* “What if they won’t touch (fill in the blank here)?”
When I began allowing my kids to cook with me, they naturally became more curious about the meals we were preparing. As I chop red peppers, my daughter would sneak a taste. When it was time to sit down to dinner, I could remind my son that he helped stir the sauce on the chicken. Suddenly, the “mystery meals” I was making weren’t quite as scary. It takes a lot more time and even more patience, but getting your kids into the kitchen to cook with you not only gets them to eat better, it teaches them valuable life-long skills. * “What if they only eat (fill in the blank here)?” I have a friend whose daughter will only eat graham crackers and french fries. If given the choice, I would LOVE to eat a diet of graham crackers and french fries, wouldn’t you? After talking to her, it turns out that she feels so guilty about her daughter refusing “real food,” that when the little girl complains of being hungry, she gives in and hands her graham crackers and/or french fries. In my mind, she’s contributing to the problem. If your child only wants chicken nuggets, hot dogs, PB&J or grilled cheese for dinner, try not making those things for a while. Like I said, they won’t starve themselves. And unless the child is severely underweight and your doctor has encouraged you to feed them whatever they’ll eat, give this a try. Pretty soon they’ll be hungry enough to eat what you give them.* “If I serve meals my kids don’t like, they’ll just skip meals and only eat during snack time.”
If this is the case, try giving up snacks. I cut out afternoon snacks in our house when I realized my kids weren’t eating their dinner. If they seem truly starving or I know they didn’t eat much lunch, I’ll reheat leftovers and feed them their dinner early, even if it’s 3:30pm. But as a rule, they’ve gotten out of the habit of afternoon snacks. * “I can’t force my kids to eat; what if they refuse to eat vegetables?” I will not force my kids to eat. Personally, I think there are enough eating disorders in the world, so that’s not my thing. But my rule is this: if they don’t eat dinner, they don’t get dessert and the kitchen is closed for the night. It’s their choice. I’ve given up on the “you can get up from the table after you take three more bites” pressure and have allowed them to listen to their bodies to determine when they’re full. When I noticed they would eat the starchy part of the meal but not the vegetable, I got creative. I bought Jessica Seinfeld’s book, “Deceptively Delicious” and began sneaking pureed vegetables into everything possible. Now I know they’re getting good nutrition, even if they don’t eat the hunks of broccoli on the side of their plates. (By the way, I recommend continuing to offer them the foods they refuse and encouraging them to taste at least one bite.) By using this cookbook, I’ve learned to sneak veggies into almost every dinner I serve and I don’t feel stressed about urging them to eat, eat, eat. I spend about an hour every couple of weeks pureeing vegetables to have on hand in the freezer, so it’s no trouble to add them into a meal. As a rule, I use pureed veggies that are the same color as the dish I’m making. I add cauliflower or squash into pasta, red pepper, carrots or anything green (broccoli, spinach, zucchini, kale) into spaghetti sauces, stews or chili, orange foods like sweet potatoes and squash can be mixed with shredded cheese and used in quesadillas and grilled cheese, the ideas are endless and the “Deceptively Delicious” cookbook is a great resource.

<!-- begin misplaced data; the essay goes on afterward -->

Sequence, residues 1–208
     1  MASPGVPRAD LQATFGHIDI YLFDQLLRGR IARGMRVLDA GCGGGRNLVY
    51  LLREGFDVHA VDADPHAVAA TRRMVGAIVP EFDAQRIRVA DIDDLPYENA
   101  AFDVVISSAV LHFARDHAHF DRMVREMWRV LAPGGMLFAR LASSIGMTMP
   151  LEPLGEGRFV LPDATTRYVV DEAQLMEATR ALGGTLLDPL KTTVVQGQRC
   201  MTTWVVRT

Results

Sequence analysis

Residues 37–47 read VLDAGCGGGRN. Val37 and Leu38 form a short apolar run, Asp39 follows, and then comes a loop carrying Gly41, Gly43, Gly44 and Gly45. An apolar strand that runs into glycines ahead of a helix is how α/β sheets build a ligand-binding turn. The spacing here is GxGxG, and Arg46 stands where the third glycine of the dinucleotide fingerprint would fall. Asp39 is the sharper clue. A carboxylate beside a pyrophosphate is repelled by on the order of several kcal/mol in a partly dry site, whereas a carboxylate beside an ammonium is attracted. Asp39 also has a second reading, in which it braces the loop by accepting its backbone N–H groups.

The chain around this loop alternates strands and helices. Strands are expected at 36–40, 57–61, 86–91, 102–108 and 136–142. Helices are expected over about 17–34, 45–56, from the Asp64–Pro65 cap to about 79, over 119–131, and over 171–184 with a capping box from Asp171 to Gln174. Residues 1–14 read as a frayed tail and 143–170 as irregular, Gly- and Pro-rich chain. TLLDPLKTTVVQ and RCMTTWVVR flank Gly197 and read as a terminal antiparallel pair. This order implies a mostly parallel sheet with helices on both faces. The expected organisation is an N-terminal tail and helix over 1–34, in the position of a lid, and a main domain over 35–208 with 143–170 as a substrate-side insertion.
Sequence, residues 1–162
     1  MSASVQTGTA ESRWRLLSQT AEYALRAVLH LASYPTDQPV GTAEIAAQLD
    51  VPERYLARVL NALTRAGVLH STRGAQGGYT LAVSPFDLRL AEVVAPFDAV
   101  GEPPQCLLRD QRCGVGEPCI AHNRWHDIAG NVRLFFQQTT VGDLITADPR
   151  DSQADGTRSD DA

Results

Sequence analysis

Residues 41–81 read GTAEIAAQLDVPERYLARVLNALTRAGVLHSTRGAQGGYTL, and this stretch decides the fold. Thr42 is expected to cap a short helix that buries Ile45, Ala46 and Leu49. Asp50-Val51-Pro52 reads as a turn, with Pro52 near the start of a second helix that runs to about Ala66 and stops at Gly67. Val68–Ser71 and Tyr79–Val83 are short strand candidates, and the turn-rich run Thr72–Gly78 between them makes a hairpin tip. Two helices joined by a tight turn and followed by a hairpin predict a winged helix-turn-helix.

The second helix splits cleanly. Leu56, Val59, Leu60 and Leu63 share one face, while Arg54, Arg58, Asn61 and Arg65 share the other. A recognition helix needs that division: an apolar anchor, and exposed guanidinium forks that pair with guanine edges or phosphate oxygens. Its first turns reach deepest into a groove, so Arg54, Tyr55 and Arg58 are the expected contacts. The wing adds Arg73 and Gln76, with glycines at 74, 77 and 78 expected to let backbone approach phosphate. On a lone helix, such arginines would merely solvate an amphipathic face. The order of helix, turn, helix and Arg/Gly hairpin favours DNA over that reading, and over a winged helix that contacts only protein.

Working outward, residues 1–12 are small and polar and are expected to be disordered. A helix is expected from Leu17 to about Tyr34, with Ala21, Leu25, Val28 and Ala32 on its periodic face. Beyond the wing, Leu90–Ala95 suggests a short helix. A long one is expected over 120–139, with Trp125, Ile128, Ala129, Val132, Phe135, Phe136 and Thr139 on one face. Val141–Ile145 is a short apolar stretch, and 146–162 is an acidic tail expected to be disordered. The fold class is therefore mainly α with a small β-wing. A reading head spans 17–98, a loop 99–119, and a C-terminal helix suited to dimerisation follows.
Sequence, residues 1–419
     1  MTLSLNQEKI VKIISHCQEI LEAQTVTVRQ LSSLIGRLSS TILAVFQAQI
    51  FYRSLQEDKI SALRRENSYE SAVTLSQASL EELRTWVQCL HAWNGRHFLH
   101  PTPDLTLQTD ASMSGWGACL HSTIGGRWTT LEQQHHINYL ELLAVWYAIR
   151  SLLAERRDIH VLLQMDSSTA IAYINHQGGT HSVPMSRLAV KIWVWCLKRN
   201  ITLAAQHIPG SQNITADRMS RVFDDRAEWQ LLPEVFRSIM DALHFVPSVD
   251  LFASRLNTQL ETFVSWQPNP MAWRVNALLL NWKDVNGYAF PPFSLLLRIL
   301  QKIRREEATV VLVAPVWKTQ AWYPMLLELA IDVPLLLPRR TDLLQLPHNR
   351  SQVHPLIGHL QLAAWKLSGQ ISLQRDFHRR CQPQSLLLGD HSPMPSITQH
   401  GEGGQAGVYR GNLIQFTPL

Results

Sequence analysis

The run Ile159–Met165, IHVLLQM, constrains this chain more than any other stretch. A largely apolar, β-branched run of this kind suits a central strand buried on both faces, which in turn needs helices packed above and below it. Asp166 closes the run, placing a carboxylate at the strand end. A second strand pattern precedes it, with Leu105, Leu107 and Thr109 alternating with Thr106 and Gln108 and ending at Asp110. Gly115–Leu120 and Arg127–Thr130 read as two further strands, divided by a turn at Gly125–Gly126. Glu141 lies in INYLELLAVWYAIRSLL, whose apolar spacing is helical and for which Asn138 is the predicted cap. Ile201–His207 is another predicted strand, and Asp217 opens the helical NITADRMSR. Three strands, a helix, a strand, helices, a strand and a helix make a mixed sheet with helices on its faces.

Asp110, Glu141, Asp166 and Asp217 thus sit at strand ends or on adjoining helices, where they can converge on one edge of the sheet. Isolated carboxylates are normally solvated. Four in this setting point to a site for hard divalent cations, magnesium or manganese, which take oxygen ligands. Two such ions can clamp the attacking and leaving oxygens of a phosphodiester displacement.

Monday, June 1st, 2009
Todd and I both have blue eyes and I wanted to see if our baby would too. Keep in mind I applied for radio in college because my math and science skills were, embarassingly terrible, so I needed a little help predicting genetics.
God bless you, Google.